Midway through the first act I glanced over at my husband. The look on his face told me he was hooked. There is no doubt I love the anarchy of rock, the rhythm and pulse of soul and Latin music and the haunted cry of blues. But to step into this new world of precision and timeless dedication was riveting. I saw the miracle of so many instruments and voices blended so perfectly together and executed with such mind bending expertise. Discipline that is not conformity but rather a sweeping wall of sound that overwhelms the senses. Here lies the reason this has lasted for hundreds of years. As the last act came to a close, the Nessun dorma theme revisited, the opera ended with beauty and power. Stunning, magnificent and life changing. It made me want to be a better musician. We wiped away tears and stood up screaming and cheering in the most undignified manner. Hey, we were opera fans now and that’s the way we roll. After the performance we paid our compliments to some of the orchestra and bid farewell to our new friends seated around us. Riding home over the Bay Bridge we laughed and marveled, for we had heard greatness. We owned memories that would last a lifetime and we planned to revisit the Opera to make more. Anxious now to return to our own music with a renewed sense of commitment and with hearts that had opened a mile wide, we truly felt that “None shall sleep.”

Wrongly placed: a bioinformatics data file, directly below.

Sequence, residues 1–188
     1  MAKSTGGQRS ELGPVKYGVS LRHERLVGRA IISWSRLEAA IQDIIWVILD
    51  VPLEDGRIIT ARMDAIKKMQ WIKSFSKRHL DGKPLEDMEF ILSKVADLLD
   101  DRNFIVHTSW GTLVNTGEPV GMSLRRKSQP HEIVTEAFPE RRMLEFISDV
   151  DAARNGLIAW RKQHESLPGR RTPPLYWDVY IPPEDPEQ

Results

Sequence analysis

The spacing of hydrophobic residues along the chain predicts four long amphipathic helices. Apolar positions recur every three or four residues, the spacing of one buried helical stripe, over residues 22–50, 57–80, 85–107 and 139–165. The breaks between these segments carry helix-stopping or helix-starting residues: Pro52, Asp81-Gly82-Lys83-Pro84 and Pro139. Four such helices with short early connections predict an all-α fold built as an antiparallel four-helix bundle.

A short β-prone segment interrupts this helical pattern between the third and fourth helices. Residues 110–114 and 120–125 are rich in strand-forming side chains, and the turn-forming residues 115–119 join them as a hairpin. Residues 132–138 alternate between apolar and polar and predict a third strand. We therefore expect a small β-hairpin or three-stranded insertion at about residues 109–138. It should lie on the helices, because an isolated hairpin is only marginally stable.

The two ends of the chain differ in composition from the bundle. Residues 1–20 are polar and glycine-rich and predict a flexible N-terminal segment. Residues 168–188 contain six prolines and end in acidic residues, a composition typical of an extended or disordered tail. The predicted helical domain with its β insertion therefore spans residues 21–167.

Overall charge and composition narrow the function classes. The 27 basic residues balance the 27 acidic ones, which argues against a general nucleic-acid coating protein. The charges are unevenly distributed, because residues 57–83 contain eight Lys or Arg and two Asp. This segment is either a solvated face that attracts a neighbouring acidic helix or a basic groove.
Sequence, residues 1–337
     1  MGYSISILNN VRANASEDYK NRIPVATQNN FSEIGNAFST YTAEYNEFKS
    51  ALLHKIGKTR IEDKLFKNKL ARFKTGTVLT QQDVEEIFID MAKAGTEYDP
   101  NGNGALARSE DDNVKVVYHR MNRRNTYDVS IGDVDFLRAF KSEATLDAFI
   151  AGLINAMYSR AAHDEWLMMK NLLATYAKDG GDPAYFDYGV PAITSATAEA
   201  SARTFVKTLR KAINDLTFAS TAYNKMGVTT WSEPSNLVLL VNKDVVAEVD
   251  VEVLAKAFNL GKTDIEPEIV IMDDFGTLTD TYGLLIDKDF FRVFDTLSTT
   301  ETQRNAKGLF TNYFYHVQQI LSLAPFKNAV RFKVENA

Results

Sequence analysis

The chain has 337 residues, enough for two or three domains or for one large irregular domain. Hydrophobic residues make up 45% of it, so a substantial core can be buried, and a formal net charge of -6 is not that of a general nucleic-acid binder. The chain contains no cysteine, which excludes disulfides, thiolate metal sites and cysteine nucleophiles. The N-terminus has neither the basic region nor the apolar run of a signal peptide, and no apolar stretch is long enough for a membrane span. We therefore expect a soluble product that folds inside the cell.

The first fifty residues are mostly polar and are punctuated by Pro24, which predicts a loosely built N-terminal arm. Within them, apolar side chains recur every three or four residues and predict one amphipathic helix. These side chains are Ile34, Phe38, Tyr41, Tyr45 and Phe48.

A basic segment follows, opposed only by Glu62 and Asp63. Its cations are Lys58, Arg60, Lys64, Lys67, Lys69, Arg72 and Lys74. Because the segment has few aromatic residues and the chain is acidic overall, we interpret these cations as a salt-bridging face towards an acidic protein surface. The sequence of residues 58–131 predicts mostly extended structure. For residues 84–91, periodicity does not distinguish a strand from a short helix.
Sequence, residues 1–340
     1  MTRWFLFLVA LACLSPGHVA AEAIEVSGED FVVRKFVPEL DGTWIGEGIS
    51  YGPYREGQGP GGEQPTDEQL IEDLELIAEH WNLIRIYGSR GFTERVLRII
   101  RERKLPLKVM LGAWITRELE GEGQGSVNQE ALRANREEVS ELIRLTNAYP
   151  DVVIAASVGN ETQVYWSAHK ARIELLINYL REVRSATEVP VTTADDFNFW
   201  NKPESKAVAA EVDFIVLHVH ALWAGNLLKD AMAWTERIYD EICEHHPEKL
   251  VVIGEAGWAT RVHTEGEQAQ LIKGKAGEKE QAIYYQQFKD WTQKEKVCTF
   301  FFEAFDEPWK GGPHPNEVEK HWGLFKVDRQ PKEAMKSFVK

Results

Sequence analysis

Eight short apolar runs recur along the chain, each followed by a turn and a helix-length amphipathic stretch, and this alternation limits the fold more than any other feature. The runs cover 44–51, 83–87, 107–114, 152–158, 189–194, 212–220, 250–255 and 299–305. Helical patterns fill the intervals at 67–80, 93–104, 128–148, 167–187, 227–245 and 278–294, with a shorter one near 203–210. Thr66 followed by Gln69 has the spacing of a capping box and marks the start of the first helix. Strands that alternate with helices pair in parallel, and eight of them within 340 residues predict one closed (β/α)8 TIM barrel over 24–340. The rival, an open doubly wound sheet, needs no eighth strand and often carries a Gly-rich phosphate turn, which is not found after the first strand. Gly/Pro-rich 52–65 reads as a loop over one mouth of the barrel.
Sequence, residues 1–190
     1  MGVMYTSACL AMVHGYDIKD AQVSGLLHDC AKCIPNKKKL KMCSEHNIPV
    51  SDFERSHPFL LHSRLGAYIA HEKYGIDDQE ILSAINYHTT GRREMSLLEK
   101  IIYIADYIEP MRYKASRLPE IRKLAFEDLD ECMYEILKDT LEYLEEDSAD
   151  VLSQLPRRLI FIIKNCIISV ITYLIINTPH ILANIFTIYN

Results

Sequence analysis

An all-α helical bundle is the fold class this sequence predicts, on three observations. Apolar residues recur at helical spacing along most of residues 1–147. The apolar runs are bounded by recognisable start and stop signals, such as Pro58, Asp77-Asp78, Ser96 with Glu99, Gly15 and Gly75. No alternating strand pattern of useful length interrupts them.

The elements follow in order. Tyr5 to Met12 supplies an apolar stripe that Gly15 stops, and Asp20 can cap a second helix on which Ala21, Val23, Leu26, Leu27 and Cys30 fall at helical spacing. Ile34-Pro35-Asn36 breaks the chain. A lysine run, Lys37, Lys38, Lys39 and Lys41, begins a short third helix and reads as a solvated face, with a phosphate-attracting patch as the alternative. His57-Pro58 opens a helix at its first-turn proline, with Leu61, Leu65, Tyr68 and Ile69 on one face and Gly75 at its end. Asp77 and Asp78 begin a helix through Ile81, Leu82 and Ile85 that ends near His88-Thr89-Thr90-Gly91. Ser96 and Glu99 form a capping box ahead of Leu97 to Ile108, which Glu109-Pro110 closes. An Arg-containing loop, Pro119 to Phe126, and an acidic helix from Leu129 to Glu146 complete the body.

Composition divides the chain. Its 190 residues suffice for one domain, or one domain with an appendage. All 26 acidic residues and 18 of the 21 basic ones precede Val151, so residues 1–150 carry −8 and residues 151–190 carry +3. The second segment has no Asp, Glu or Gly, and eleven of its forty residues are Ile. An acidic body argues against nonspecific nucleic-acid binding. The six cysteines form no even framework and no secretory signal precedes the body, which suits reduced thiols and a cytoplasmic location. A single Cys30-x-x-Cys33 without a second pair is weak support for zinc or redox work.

Posted: 11/3/2011 3:11:48 PM by Paula DeFries (First time opera-goer)
Filed under: Turandot


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Backstage at San Francisco Opera is a fascinating, fast-moving, mysterious and sacred space for the Company’s singers, musicians, dancers, technicians and production crews. Musical and staging rehearsals are on-going, scenery is loaded in and taken out, lighting cues are set, costumes and wigs are moved around and everything is made ready to receive the audience. From the principal singers, chorus and orchestra musicians to the creative teams for each opera, in addition to the many talented folks who don’t take a bow on stage, this blog offers unique insight, both thought-provoking and light-hearted, into the life backstage at San Francisco Opera.